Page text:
6. ^ (1) Fister, Jude M. (2014). America Writes Its History, 1650-1850: The Formation of a National Narrative. Jefferson, North Carolina: McFarland and Company, Inc. p. 90. ISBN 978-0-7864-7921-4. OCLC 859384941.  At Google Books
    (2) Lossing, Benson J. (1870). "The Home of Washington; Or, Mount Vernon and Its Associations, Historical, Biographical, and Pictorial". Hartford, Connecticut: A.S. Hale & Company. p. 350. OCLC 1593086.  At Google Books.
  7. ^ a b Fister, Jude M. (2014). America Writes Its History, 1650-1850: The Formation of a National Narrative. Jefferson, North Carolina: McFarland and Company, Inc. p. 124. ISBN 978-0-7864-7921-4. OCLC 859384941.  At Google Books.
  8. ^ American Antiquarian Society Members Directory
  9. ^ Dunne, Gerald. "Bushrod Washington and The Mount Vernon Slaves". 1980 Yearbook. Supreme Court Historical Society. Archived from the original on 2002-10-09. Retrieved 2015-11-30. 
  10. ^ Starr, Frederick (1913). Liberia: description, history, problems. Chicago: Frederick Starr. p. 9. OCLC 6791808.  At Google Books.
  11. ^ Christensen, George A. (1983) Here Lies the Supreme Court: Gravesites of the Justices, Yearbook. Supreme Court Historical Society. Bushrod Washington memorial at Find a Grave.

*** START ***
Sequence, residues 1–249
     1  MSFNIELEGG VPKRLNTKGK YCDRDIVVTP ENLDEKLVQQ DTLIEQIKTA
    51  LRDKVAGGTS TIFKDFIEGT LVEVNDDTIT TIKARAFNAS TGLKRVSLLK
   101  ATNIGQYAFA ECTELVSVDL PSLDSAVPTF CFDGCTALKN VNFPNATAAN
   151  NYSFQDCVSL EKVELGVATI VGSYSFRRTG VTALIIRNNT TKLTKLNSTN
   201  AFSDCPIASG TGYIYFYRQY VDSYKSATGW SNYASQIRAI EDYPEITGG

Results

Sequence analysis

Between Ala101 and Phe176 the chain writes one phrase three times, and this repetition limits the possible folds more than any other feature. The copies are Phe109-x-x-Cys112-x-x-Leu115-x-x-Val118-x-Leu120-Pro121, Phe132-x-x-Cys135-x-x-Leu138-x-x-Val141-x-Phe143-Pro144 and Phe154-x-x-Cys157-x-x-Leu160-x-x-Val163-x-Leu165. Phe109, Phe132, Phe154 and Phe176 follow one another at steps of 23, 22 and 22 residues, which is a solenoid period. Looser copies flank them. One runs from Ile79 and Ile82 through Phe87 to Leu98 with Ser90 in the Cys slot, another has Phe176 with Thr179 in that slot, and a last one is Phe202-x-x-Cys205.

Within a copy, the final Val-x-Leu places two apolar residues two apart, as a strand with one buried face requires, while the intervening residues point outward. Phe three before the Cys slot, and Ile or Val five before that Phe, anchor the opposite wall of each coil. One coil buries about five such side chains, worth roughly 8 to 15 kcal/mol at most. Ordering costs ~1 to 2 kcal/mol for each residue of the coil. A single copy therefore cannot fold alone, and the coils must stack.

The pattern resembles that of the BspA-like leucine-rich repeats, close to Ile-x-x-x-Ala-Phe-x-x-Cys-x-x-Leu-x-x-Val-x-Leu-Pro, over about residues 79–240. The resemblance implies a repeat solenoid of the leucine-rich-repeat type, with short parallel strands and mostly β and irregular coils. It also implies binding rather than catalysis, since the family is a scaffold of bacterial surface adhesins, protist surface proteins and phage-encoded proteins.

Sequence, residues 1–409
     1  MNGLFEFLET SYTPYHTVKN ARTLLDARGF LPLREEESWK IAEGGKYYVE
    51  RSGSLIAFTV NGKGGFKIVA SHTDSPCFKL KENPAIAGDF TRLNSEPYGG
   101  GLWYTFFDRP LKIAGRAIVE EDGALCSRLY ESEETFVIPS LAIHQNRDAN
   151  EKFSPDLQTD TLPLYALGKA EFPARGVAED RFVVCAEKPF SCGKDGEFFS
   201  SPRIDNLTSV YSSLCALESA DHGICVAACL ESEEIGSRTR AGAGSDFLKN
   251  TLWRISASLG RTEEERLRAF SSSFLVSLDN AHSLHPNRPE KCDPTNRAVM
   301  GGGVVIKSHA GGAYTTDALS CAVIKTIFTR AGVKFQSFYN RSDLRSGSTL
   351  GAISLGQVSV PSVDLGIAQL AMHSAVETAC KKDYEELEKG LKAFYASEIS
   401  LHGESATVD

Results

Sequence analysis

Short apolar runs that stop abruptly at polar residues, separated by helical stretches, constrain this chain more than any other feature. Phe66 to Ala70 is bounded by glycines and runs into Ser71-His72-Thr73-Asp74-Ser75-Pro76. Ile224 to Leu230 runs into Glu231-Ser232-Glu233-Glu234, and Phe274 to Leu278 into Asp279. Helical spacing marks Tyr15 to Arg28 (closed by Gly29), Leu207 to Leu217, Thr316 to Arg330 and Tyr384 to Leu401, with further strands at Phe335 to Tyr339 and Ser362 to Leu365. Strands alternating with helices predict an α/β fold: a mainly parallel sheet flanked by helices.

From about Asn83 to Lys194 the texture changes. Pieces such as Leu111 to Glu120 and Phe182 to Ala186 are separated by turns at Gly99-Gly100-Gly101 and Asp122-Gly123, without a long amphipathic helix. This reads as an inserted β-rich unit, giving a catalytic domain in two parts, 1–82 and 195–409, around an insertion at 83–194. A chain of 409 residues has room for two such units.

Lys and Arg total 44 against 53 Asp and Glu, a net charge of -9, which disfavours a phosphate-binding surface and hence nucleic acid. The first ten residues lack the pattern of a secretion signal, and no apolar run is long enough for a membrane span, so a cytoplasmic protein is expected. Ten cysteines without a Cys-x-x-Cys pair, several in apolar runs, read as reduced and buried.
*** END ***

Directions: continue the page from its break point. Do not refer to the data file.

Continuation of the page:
12. ^ "Burials at Mount Vernon". Digital Encylopedia. Mount Vernon, Virginia: George Washington's Mount Vernon. Archived from the original on 2014-10-12. Retrieved 2015-11-21. 

Further reading[edit]

  • Abraham, Henry J. (1992). Justices and Presidents: A Political History of Appointments to the Supreme Court (3rd ed.). New York: Oxford University Press. ISBN 0-19-506557-3. 
  • Cushman, Clare (2001). The Supreme Court Justices: Illustrated Biographies, 1789–1995 (2nd ed.). (Supreme Court Historical Society, Congressional Quarterly Books). ISBN 1-56802-126-7. 
  • Flanders, Henry. The Lives and Times of the Chief Justices of the United States Supreme Court. Philadelphia: J. B. Lippincott & Co., 1874 at Google Books.
  • Frank, John P. (1995). Friedman, Leon; Israel, Fred L., eds. The Justices of the United States Supreme Court: Their Lives and Major Opinions. Chelsea House Publishers. ISBN 0-7910-1377-4. 
  • Hall, Kermit L., ed. (1992). The Oxford Companion to the Supreme Court of the United States. New York: Oxford University Press. ISBN 0-19-505835-6. 
  • Martin, Fenton S.; Goehlert, Robert U. (1990). The U.S. Supreme Court: A Bibliography. Washington, D.C.: Congressional Quarterly Books. ISBN 0-87187-554-3. 
  • Urofsky, Melvin I. (1994). The Supreme Court Justices: A Biographical Dictionary. New York: Garland Publishing. p. 590. ISBN 0-8153-1176-1. 
  • White, G. Edward. The Marshall Court & Cultural Change, 1815-35. Published in an abridged edition, 1991.

External links[edit]

Legal offices
Preceded by
James Wilson
Associate Justice of the Supreme Court of the United States
December 20, 1798 – November 26, 1829
Succeeded by
Henry Baldwin